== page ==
President Lincoln's political and wartime legacy extends far beyond our shores. As a last resort, he accepted war to preserve the Union, and with the war, he initiated freedom for the slaves. Without the leadership and resolve of our 16th president—through four years and 600,000 deaths—separate slave and free states might today compete on the same continent, and American liberal democracy would have been stillborn.

Thus there would have been no single, integrated American economy based on free labor. Without the continental industrial power that Lincoln advocated, the means would not have been available to contain Imperial Germany as it reached for European hegemony in 1914. Neither would there have been a nation strong enough to destroy Hitler's Nazi Reich, or to counter the aggression of Imperial Japan, or, in the second half of the twentieth century, to oppose the Soviet Union. Empires antithetical to freedom, based on invidious distinctions of race and class—a defining characteristic of the malignant world powers of our era—were overcome by the force, leadership, and forward foreign policy of the United States.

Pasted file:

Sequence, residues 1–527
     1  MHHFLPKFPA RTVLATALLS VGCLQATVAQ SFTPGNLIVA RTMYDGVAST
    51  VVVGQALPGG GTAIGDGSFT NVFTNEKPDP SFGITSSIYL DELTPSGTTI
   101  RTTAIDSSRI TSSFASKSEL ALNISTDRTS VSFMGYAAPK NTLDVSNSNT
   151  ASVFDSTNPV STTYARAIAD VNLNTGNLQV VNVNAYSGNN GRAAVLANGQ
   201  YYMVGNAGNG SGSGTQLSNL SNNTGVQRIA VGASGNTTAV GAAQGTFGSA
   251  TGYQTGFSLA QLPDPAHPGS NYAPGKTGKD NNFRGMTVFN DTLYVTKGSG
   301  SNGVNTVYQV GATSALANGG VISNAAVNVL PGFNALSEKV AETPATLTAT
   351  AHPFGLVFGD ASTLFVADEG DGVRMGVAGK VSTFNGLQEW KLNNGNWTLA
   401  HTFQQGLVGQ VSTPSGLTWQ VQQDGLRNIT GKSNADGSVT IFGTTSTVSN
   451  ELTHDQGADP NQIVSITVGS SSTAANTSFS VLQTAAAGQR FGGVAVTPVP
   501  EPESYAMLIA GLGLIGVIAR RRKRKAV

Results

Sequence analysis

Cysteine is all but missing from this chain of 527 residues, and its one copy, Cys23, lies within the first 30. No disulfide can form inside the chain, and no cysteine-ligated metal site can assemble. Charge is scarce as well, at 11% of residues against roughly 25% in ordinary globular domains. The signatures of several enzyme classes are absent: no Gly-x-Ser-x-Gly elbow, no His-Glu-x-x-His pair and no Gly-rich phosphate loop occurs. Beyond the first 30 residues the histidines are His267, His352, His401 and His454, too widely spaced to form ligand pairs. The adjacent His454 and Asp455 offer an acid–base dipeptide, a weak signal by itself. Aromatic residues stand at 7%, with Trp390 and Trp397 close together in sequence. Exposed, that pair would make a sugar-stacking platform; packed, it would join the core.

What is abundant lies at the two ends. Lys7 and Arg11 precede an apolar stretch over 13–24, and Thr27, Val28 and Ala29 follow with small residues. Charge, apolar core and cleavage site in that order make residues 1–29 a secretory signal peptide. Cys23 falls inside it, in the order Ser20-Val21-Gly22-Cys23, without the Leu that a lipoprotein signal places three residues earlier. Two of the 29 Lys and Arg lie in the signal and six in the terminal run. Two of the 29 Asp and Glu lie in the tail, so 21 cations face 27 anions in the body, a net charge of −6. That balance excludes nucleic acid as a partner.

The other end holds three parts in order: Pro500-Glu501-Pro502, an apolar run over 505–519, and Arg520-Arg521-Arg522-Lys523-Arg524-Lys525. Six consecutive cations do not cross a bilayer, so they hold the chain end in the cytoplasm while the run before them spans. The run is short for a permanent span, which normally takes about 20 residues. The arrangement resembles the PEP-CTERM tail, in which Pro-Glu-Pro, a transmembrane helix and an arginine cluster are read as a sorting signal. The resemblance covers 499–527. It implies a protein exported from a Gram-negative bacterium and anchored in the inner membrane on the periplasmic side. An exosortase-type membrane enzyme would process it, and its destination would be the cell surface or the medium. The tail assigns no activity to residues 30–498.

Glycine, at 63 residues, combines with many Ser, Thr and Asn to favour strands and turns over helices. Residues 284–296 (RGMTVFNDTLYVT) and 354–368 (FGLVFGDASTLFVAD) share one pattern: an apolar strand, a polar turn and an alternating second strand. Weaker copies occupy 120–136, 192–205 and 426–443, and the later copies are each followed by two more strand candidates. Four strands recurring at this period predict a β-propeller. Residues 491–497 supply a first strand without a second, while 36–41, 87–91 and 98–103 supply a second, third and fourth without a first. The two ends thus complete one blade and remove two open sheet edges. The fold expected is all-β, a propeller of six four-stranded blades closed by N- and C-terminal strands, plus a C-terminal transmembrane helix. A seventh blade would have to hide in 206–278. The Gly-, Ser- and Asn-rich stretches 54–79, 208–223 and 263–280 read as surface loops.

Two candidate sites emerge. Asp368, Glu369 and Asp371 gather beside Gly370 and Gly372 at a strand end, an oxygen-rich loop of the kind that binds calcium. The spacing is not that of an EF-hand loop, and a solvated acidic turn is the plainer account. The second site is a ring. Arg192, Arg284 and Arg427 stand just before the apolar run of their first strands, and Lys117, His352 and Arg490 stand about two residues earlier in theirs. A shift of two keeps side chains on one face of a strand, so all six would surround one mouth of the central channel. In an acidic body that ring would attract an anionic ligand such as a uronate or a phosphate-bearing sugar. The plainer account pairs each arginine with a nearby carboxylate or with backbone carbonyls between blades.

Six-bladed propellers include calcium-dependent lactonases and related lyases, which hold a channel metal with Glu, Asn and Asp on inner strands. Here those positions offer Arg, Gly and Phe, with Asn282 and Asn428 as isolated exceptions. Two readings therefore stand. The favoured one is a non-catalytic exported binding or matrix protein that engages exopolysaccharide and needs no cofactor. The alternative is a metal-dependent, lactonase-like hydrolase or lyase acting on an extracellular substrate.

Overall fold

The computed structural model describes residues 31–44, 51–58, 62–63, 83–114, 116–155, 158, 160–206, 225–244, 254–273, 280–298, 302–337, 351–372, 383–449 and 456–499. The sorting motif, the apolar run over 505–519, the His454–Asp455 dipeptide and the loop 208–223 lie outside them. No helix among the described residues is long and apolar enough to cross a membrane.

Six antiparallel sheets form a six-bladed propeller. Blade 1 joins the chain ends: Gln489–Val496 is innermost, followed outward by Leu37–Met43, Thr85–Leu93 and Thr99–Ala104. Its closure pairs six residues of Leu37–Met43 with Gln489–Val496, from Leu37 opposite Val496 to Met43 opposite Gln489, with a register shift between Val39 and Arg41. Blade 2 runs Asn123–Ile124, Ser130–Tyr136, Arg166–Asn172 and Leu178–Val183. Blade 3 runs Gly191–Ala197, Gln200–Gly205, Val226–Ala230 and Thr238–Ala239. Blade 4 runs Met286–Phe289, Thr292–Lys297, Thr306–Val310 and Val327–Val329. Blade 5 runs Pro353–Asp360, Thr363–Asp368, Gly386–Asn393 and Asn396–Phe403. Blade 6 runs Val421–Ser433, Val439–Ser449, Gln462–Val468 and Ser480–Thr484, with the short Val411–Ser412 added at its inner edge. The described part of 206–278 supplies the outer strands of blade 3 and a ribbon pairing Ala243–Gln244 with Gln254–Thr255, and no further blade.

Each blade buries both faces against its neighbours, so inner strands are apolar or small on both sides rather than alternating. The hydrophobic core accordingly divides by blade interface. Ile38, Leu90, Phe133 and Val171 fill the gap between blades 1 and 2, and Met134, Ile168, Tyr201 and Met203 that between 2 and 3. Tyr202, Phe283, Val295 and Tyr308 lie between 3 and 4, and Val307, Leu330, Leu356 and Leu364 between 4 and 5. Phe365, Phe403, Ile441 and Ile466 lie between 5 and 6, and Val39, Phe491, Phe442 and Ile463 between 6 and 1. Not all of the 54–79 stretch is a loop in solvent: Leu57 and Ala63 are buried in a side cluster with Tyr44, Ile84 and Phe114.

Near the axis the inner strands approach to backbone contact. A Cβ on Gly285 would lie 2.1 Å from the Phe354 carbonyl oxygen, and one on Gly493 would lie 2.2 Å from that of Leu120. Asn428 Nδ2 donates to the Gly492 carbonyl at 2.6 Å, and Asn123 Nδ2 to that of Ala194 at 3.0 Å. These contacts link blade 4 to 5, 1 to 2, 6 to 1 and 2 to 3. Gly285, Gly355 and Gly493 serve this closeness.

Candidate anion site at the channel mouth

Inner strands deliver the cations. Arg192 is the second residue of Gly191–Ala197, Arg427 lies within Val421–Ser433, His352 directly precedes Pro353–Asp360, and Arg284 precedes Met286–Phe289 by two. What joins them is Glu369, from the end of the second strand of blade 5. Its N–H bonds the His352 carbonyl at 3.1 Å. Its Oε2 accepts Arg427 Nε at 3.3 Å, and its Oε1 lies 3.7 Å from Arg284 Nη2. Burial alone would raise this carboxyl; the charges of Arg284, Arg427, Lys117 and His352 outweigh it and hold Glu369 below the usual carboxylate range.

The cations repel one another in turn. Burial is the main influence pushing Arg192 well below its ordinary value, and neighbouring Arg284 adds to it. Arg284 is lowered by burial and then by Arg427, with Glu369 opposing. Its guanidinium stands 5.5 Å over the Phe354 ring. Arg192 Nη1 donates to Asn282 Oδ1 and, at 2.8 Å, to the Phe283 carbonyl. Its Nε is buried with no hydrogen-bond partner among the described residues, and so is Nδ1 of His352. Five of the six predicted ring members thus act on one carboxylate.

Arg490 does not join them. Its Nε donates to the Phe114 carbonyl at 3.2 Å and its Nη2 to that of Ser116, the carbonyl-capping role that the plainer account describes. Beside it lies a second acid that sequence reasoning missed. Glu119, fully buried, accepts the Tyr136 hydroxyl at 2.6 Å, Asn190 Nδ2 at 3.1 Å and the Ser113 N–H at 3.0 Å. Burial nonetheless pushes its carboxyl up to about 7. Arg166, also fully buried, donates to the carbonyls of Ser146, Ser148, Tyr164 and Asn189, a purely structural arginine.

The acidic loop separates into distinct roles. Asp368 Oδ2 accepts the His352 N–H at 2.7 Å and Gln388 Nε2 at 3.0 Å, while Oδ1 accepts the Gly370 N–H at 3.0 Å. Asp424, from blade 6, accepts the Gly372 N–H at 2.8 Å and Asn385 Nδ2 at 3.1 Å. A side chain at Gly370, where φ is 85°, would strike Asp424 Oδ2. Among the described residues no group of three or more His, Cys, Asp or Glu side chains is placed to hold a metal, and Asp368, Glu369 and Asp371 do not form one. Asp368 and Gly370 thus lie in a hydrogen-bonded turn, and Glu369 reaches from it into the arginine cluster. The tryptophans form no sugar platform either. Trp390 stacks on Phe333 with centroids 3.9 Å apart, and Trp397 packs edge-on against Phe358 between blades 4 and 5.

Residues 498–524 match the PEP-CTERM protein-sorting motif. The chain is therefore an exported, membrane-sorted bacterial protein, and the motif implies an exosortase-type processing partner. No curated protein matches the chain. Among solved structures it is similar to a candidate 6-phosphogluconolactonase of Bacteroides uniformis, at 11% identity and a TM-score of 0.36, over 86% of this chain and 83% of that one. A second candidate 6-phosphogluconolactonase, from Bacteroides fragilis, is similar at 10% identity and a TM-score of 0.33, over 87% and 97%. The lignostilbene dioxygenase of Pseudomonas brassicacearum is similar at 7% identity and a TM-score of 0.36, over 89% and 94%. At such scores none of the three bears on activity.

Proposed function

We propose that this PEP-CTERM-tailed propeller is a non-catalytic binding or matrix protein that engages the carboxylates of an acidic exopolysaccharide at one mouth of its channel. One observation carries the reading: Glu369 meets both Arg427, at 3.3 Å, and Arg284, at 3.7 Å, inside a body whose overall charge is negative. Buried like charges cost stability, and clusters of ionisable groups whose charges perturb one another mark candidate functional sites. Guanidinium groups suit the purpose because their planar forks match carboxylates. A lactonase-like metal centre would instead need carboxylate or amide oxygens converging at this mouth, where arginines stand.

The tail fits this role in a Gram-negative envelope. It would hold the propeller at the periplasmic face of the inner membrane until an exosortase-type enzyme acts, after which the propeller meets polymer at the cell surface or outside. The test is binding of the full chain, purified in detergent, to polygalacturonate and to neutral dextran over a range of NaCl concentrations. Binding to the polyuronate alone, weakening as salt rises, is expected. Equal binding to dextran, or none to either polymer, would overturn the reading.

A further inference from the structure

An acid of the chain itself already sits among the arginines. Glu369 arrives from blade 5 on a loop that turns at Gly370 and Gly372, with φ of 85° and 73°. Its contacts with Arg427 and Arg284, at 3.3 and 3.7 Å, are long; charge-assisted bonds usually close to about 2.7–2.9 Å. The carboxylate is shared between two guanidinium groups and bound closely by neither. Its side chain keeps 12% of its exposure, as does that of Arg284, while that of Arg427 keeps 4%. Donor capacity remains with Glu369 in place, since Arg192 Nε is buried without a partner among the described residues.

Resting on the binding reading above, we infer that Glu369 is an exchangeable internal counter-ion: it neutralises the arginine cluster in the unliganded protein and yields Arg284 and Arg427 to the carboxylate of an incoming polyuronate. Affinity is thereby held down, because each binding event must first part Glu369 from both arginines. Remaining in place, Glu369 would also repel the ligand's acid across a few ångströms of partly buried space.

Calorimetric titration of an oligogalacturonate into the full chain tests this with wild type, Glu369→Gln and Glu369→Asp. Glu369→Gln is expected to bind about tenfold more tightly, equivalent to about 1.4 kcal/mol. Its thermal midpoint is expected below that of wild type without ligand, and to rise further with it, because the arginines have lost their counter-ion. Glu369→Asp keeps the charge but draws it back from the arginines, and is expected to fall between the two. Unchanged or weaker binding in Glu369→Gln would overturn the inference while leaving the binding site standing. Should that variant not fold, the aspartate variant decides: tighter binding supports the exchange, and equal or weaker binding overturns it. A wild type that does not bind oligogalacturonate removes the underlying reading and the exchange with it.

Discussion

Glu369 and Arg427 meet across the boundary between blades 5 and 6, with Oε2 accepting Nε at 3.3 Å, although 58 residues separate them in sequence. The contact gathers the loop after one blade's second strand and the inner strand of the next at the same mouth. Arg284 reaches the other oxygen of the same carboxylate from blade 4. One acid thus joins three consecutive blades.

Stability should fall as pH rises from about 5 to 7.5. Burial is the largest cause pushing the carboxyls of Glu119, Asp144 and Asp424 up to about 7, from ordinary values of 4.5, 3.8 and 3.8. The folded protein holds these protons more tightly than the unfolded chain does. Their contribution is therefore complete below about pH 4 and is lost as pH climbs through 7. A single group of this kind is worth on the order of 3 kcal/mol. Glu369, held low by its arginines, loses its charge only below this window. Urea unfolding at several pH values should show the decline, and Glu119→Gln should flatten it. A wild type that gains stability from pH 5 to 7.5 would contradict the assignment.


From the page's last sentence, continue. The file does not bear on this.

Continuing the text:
This forward foreign policy of American liberal democracy—designed to vindicate our constitutional union, and to uphold the implicit hope of the Declaration of Independence that in time all people might be free—originated not with President Woodrow Wilson, but in the wartime statecraft of Abraham Lincoln. A private man, self-taught, who rose from obscurity and left no dynasty, he was an enigmatic character. Yet he remains singularly luminous in his grasp of our economic and political essence as a nation, as well as of our contribution to the world.

Lewis E. Lehrman is co-chairman of the American Security Project and a partner at the investment firm L.E. Lehrman & Company.